Sapakoff: Fixes for bad student fan behavior at South Carolina, and Clemson
Clemson players immediately set the tone for Clemson’s 34-10 victory Saturday night. As South Carolina fans jumped around whipping white towels during the traditional “Sandstorm” blast before the Williams-Brice Stadium opening kickoff, the Tigers were waving their own white towels on the sideline. They wanted a louder version.
Wide receiver Hunter Renfrow quickly reestablished Tiger momentum in the second half, weaving his way for a 61-yard touchdown play as his escort of blockers waved bye-bye to gasping Gamecocks chasers.
Clemson took a 27-0 lead on the way to a No. 1 ranking.
But it was Renfrow’s first touchdown catch – a 4-yard laser from Kelly Bryant on third down – that ignited a controversy that hopefully will carry over to Williams-Brice Stadium student section changes.
Water Bottle Gate: Water bottles and some other debris flew out of the student section adjacent to the end zone.
When head coach Dabo Swinney complained, Clemson was penalized 15 yards for unsportsmanlike conduct.
When the penalty was announced, Gamecocks fans let go with by far their biggest roar during a night that offered little else for them to cheer about.
No one was hurt.
Much of the interaction between South Carolina students and Clemson players was as amusing as harmful.
But the stadium public address announcer twice told students to stop throwing objects.
Some rivalry night, it might get worse.
“It’s just dangerous,” Swinney said. “I’m sure that the event management folks here will address that. I know there is a lot of emotion, but those things just shouldn’t be a part of the game.”
Solution: Move the student section or visitors’ locker room to the other side of the field so opposing players don’t have to walk so closely to South Carolina students for every field entry and exit.
If that’s logistically impossible (which it surely isn’t), install a good security camera system and make sure students know they’re being watched by Big Brother (aren’t we all?).
Water Bottle Gate
Of course, it only takes a few knuckleheads. South Carolina students generally are well-behaved.
As Swinney told ESPN at halftime, “it’s just a few people here … That’s not a majority of these South Carolina people.”
Swinney also admitted he lost his poise. That’s not a majority of coaches.
Clemson linebacker Dorian O’Daniel joked after the game that the coach should have to do push-ups for drawing a flag.
Christian Wilkins, Clemson’s playful defensive end, appreciated that Swinney “took the penalty for us.”
“They were throwing water bottles and stuff at us, and I was a little disappointed,” Wilkins said, “because one of the refs stopped me from taking a drink from one of the bottles and I was a little thirsty.”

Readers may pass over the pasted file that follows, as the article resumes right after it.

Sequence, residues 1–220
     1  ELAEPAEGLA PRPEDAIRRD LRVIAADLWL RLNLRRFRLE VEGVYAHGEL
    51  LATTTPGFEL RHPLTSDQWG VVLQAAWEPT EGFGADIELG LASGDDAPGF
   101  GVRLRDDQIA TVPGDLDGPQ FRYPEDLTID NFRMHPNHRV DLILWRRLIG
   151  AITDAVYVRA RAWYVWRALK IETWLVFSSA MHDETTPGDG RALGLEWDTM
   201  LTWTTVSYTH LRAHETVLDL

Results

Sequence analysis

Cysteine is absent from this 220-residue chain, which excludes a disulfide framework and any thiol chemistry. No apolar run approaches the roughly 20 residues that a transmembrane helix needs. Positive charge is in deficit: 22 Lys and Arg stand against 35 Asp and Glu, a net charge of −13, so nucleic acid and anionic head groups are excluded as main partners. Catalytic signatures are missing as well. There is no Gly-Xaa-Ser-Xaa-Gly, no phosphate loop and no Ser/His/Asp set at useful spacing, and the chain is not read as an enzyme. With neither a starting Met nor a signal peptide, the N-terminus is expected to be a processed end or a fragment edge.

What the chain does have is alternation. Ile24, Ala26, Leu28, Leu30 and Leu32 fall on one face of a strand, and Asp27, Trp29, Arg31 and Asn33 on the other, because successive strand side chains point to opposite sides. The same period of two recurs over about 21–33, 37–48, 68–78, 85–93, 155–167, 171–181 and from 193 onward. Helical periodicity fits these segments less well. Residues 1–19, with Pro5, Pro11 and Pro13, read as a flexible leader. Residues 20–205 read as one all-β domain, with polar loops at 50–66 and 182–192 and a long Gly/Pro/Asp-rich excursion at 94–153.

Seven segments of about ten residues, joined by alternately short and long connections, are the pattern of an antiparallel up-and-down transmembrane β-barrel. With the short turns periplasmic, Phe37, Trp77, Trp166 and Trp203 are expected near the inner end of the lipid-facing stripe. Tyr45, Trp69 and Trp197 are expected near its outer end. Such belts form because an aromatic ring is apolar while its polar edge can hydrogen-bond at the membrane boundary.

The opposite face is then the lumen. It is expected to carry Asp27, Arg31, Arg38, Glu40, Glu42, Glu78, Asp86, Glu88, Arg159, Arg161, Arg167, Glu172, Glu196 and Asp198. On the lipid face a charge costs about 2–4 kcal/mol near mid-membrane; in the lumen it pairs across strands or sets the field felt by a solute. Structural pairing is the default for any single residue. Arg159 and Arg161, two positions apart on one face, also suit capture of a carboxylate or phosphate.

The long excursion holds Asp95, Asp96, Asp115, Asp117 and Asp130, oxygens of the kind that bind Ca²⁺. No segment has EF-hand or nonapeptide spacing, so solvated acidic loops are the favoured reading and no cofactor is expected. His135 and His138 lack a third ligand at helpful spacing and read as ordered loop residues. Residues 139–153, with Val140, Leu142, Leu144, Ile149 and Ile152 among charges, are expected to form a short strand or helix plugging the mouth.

Fans mixing it up with opposing players, and vice versa, that goes on a lot.
But not every stadium tempts fate like the layout at Williams-Brice.
And not every school lets its students storm the field after every game the way Clemson does. It’s a fun tradition with few unfortunate incidents, but cooler heads don’t seem to prevail quite as often these days.
Solution: A full two-minute cooling off period for the South Carolina game, allowing Gamecocks players the opportunity if they want to leave the field.
Along with security cams installed by Big Brother’s Best Behavior, Inc.
While it’s a relatively friendly rivalry, Carolina-Clemson football games stir emotion unlike anything else in the state. Sore losers on one side or the other are combustible.
Imagine being a South Carolina senior Saturday night, 0-4 against Clemson after entering college riding a five-game rivalry win streak that saddened two classes of Clemson seniors.
The Tigers’ traveling party has been known to stir it up, too. There were words and gestures Saturday night, reminiscent of Brad Scott’s line after the 2005 game.
The Tigers had just won in Columbia, 13-9.
Two years after winning 63-17.
One year after winning 29-7.
A South Carolina student was tearing into Scott – a former Gamecocks head coach turned Clemson assistant coach – right after the game. Scott locked eyes with the heckler and held his hands out a foot apart.
“You’re getting closer,” he said.
Trash talk is one thing, trash on the field another.
Time to make a few changes at Williams-Brice Stadium and Death Valley – before non-representative fans allowed too close to rival players start seriously trashing this rivalry.
Follow Gene Sapakoff on Twitter @sapakoff